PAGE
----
There’s so much else in this story, which gives the whole broad arc of the narrator’s life. We learn about his relationship with his father (who, moments after his son is born, remarks, “what a chunk of chopped liver”). We learn about his career as a successful radio actor, before TV—an industry his birthmark bars him from—takes over broadcast drama. But what sticks, in the end, is the moment in the basement of the childhood home where the little girl splashes red paint on half her face and says, all hopeful, “Now do I look like you?”
At the time, this gesture deeply wounds the boy, and his family interprets it as an act of terrible, mocking cruelty. The two children are never allowed to see each other again. It’s only as an adult that he learns—the afternoon of his father’s funeral—that she later used a razor to cut his same mark on her face. This act—of fidelity? Of shame? Of atonement?—casts the moment in the basement in a totally different light. Perhaps she was a person who identified with him so completely, that she was willing to trade her unblemished face for his. The narrator begins to realize that exchange in the basement was a crucial moment of his life; even though he didn’t realize it at the time, it may have been the closest he ever came to having his marred face looked upon honestly but without reproach, with something like love.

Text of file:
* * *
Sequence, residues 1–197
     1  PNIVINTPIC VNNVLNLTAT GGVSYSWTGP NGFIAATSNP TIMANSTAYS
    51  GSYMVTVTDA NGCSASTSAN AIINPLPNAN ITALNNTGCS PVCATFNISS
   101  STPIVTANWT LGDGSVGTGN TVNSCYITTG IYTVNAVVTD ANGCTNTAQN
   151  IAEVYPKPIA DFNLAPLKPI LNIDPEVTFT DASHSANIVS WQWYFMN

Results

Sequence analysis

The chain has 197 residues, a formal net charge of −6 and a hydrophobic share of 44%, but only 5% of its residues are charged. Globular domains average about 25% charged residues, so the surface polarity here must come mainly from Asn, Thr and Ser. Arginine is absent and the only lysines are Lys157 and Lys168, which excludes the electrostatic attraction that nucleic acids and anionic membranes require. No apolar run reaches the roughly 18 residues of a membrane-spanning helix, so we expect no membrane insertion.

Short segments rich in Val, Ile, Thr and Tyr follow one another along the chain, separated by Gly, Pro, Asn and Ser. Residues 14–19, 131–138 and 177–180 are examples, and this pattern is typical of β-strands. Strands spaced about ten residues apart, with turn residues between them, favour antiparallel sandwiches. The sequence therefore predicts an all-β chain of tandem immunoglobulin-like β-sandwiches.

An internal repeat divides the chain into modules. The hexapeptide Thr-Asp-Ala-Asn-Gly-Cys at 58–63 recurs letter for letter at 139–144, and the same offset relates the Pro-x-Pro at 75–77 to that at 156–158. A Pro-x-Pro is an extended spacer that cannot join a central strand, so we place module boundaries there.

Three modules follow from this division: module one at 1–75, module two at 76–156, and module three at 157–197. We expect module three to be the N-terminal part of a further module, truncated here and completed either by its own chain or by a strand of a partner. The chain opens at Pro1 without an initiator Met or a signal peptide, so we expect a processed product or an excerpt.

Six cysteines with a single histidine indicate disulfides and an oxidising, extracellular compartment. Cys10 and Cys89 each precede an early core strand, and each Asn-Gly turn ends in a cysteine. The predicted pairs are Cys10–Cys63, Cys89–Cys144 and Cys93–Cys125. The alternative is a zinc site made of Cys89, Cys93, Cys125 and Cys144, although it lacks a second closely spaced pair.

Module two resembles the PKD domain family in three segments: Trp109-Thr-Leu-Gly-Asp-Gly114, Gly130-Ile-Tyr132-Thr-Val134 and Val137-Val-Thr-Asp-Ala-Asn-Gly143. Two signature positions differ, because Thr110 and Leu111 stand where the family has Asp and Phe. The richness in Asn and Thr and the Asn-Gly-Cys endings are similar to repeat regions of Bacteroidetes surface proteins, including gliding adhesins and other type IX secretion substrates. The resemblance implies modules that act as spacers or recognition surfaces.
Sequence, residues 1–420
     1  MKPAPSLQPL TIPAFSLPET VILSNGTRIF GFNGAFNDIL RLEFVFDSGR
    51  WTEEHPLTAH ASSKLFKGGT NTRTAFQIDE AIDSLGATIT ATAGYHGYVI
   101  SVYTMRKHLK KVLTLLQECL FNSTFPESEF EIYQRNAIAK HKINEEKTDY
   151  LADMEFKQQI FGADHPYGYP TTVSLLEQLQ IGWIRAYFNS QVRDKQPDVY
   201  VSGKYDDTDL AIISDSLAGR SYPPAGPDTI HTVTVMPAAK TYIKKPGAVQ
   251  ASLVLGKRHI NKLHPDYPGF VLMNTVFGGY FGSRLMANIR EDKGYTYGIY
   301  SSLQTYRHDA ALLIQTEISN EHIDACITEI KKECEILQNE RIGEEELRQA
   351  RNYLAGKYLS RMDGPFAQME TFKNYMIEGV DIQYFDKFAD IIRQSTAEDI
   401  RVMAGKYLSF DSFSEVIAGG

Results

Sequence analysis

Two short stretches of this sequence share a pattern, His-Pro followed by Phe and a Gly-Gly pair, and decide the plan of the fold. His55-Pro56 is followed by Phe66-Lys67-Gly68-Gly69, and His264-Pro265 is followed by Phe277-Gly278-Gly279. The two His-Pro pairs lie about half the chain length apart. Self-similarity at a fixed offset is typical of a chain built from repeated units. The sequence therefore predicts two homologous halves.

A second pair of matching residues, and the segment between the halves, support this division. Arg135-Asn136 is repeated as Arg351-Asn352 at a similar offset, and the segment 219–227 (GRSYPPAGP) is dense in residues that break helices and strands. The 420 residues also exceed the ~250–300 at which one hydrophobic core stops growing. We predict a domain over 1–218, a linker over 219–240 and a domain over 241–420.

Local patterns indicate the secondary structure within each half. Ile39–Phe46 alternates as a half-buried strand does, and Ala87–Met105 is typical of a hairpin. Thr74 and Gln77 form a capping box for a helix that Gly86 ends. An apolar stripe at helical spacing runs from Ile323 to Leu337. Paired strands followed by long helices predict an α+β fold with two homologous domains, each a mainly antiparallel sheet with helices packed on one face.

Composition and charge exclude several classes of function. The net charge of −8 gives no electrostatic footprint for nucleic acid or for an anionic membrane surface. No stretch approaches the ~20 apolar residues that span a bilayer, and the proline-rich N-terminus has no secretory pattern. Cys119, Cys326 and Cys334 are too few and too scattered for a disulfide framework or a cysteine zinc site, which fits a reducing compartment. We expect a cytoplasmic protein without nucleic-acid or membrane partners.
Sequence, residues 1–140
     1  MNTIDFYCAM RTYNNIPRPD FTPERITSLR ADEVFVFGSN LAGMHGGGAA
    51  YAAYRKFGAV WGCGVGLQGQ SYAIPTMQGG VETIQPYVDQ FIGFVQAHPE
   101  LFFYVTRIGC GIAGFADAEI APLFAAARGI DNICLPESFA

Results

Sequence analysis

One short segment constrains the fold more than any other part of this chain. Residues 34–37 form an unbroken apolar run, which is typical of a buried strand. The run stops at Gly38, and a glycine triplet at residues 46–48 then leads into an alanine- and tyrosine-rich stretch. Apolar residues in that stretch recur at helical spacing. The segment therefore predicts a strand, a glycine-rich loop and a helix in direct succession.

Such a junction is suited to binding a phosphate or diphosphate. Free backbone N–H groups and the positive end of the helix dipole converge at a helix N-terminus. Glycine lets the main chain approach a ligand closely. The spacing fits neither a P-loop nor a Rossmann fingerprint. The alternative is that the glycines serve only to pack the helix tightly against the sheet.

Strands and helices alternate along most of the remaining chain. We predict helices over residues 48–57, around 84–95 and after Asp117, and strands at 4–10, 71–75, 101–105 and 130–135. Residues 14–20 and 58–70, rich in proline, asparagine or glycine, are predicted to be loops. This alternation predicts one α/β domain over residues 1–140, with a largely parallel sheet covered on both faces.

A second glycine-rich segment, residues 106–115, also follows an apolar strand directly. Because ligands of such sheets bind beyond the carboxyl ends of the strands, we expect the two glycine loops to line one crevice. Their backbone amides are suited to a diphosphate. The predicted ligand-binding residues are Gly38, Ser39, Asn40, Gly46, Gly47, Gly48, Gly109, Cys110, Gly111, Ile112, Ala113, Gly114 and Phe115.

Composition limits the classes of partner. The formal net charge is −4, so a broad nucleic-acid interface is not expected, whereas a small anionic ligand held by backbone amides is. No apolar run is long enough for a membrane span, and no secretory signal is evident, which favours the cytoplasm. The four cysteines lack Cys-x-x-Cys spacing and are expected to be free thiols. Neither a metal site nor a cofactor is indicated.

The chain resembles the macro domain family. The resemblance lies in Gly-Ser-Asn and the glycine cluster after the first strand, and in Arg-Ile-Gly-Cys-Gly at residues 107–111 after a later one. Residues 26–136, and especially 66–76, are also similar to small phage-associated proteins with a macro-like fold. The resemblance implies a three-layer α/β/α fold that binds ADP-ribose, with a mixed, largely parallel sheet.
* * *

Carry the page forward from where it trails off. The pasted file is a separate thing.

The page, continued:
There’s no big sign saying Here’s the turning point. There’s no Sliding Doors scene that tells you, “Here’s the big moment!” But by the end of the story, we sense that this is what matters most to this character, as he looks back. After the revelation at the funeral, he decides not to sell the house where he grew up, where the exchange in the basement happened, as he had planned. Instead, he lives inside it for the rest of his life.